US, Philippines enhancing diplomatic connection through basketball
LONG have a good diplomatic relationship, the United States and the Philippines are continuously finding ways to enhance such link, including through sports, particularly basketball.
Recently, the US Embassy partnered with the Philippine Sports Commission (PSC) and Alaska Milk in conducting basketball clinics in Manila and Davao for children 10 to 15 years old.
The clinics, organizers said, were designed to promote youth and sports development as well as foster international relations between the two countries.
US sports envoys and National Basketball Association and WNBA stars Cherokee Parks and Alana Beard headed the clinics were they got to share their basketball knowledge to the kids and other valuable life lessons that participants could take cue from even beyond the sport.
The US Embassy said basketball is something that is very close to the hearts of both Americans and Filipinos and a good platform to bring the two together.
“Americans are crazy about basketball and it is something it shares with the Filipinos. Everywhere we go here there is a basketball court set up and there is really a connection through it between the two countries,” said Jeanie M. Duwan, Assistant Cultural Affairs Officer of the American Embassy Manila, in an interview with BusinessWorld on the sidelines of the clinics held at the Rizal Memorial Basketball Stadium on Oct. 2.
“And the beauty of it all is that there are no boundaries here. Regardless of economic background, language you speak, it is something where we can get together, enjoy and learn,” she added while also saying that the PSC and Alaska had been good partners in seeing the program through.
Ms. Duwan went on to say that they, along with their local partners, see a lot of value in using sports as an avenue to learn from one another.
“This really goes two ways. I think it’s really effective. It lives on. This is something really valuable and important to do,” she said.
For former NBA player Parks, his experience as a sports envoy for the United States meant a lot to him and that he hopes to continue doing such in the future.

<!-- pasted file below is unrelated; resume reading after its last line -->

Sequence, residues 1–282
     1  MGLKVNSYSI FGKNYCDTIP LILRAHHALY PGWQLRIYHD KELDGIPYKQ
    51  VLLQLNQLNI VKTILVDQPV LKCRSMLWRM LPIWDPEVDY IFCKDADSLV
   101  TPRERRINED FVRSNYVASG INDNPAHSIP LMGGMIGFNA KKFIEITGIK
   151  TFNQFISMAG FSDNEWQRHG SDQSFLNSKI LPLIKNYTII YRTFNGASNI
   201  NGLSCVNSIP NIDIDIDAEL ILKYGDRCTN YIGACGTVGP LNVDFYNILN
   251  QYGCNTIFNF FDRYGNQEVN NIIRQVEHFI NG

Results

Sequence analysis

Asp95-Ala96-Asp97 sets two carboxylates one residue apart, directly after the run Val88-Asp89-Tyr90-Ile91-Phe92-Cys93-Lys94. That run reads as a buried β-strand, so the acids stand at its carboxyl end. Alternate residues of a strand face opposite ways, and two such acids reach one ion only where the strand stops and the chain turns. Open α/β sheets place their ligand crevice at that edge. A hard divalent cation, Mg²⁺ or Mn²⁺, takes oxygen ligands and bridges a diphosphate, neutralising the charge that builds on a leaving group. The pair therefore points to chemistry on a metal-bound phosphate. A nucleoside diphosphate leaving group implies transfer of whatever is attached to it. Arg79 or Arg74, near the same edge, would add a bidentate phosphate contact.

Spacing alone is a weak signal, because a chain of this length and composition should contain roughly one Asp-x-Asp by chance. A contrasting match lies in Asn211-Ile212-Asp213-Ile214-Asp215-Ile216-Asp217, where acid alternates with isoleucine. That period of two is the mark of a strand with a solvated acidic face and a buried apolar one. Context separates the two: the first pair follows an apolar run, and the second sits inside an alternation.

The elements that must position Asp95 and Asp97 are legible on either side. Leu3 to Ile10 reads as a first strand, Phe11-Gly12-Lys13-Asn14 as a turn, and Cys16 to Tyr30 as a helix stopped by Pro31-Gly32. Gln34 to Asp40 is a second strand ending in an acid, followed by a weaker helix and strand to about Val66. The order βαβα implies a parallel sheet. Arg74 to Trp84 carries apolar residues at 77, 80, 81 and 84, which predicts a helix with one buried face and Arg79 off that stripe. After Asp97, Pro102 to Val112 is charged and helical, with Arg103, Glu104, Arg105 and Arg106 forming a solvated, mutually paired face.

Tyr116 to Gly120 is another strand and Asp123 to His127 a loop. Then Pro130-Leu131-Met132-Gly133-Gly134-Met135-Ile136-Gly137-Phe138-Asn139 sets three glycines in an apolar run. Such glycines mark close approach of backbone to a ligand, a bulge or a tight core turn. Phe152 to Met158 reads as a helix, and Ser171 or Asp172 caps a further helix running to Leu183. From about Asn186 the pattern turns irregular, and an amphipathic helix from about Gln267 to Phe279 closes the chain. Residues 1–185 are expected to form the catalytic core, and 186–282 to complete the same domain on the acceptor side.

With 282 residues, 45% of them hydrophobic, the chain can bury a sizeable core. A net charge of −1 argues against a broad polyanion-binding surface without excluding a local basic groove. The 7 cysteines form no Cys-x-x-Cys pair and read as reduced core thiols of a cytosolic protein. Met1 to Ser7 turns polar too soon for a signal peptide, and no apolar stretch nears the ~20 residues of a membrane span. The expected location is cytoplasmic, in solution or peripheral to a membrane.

“This is something I welcome doing again. It’s different when you come here with a team and when you come as an individual. I love my country and it’s an honor to represent it the best way I can,” Mr. Parks, who played eight years in the NBA, said in a separate interview.
The 12th pick in the 1995 NBA Rookie Draft also said that he shares the end game that such programs have and very much pushing for them.
“This really brings countries together which have long relations. It is something that is representative of what the US and Philippines are as countries and I’m very happy to be part of it,” he said.
Adding, “The Philippines is a wonderful country, with very kind, warm and polite people. It means a lot to be here finally. Back in the States, I have met and played with a lot of Filipinos and that was my first introduction to the Philippines and the basketball culture here. To experience these firsthand and share from I end as well is truly an experience.”
Seeing the Philippines as a valuable partner, Ms. Duwan said they are committed to continuing to cultivate the long-standing partnership with other programs besides sports-based ones down the line. —
FORMER NBA PLAYER Cherokee Parks (in right photo) was part of the basketball clinics recently organized locally by the US Embassy, Philippine Sports Commission, and Alaska Milk. In left photo are the Davao boys who participate in the said basketball drills.